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agnes and david lynch
Agnes Baginska (pictured here with David Lynch) says that she is "committed to making films that can unite audiences across time, space and cultural boundaries." 



MUM alumna shows film at Cannes Film Festival
by Maharishi University of Management, Fairfield, Iowa, USA, The Review
1 June 2017

Agnes Baginska, a graduate of the David Lynch Graduate School of Cinematic Arts, will be screening her 30-minute movie Last Tree Standing on May 26 at the Cannes Film Festival in France that's attended by industry professionals.

Her film will be part of the Short Film Corner, which features short films with artistic values. Having one's film screened at this venue in Cannes increases the chances that it will be selected by other international festivals as well as making it available to everyone attending Cannes.

Unlike most other festivals, Cannes isn't open to the public. The workshops and screenings are attended by executives, buyers, distributors, agents, and investors.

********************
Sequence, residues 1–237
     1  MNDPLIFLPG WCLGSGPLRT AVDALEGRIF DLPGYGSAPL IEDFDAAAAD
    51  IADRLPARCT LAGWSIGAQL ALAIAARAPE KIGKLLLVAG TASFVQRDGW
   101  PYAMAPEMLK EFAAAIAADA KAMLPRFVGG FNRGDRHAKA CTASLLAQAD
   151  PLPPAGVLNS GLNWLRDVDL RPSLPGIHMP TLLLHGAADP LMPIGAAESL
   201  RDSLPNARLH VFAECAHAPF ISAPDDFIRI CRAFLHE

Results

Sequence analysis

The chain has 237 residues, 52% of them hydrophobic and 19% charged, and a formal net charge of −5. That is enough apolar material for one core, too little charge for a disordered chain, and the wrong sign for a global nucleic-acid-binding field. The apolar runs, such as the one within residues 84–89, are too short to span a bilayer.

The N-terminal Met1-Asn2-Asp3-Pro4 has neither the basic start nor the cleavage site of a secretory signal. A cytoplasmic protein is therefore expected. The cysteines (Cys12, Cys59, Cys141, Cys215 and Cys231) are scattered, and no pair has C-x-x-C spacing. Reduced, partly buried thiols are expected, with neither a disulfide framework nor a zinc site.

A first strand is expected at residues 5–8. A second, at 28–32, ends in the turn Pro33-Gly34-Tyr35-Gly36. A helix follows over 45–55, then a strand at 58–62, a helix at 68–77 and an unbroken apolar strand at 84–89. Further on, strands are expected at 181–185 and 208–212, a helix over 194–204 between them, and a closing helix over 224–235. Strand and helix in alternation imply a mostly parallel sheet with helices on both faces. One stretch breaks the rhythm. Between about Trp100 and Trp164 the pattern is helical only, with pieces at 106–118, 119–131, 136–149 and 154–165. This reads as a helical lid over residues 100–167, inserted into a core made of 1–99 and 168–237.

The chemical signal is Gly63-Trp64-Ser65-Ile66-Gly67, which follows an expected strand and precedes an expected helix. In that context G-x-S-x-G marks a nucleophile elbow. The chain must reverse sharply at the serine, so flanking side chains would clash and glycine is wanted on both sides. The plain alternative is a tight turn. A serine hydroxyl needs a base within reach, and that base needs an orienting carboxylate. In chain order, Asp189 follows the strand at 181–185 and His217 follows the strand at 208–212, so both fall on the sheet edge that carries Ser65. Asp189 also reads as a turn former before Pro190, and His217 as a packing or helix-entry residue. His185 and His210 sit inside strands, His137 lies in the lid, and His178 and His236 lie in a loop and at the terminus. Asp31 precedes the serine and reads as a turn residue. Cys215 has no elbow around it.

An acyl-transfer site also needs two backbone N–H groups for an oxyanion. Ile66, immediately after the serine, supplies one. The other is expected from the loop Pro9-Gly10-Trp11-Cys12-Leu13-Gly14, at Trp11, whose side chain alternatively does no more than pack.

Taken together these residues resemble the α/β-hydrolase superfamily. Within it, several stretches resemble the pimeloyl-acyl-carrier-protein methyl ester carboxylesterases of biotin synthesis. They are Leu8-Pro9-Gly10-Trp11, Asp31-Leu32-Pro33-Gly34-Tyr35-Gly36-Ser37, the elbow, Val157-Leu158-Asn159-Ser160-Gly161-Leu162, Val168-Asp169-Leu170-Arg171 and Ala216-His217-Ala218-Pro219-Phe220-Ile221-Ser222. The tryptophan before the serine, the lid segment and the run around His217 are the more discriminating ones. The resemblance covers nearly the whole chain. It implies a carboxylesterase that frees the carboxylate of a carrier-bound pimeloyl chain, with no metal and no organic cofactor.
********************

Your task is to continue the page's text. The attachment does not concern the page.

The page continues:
Ms. Baginska said that the theatrical screening for Last Tree Standing will take place in a Marche du Film screening room in the Palais des Festival, where films are shown on a large screen with a surround-sound system.

Last Tree Standing is a fairy tale set against a dystopian backdrop that follows the story of a young girl named Lexie (played by Maharishi School student Sage Jarmosco), who befriends a magical creature who is half-man, half-tree.

Taken for a freak, the Treeman (played by Lou Bolster) is captured by Lexie's keeper Killian (Steve Kennevan) to be sold to the ministry that buys such mutations. Intrigued by the strange creature, Lexie slowly discovers his story and despite the threat of her hostile keeper, she embarks on a dangerous mission to free the Treeman.

Ms. Baginska had intended to develop a different idea for her thesis film, but the image of a half-man, half-tree came to her and wouldn't leave. Puzzled, she talked to David Lynch, who described a process she could use to let the new idea emerge.

She realized it would be expensive to produce for a student film, but a successful $13,000 Kickstarter campaign allowed the project to go ahead.


© Copyright 2017 Maharishi University of Management


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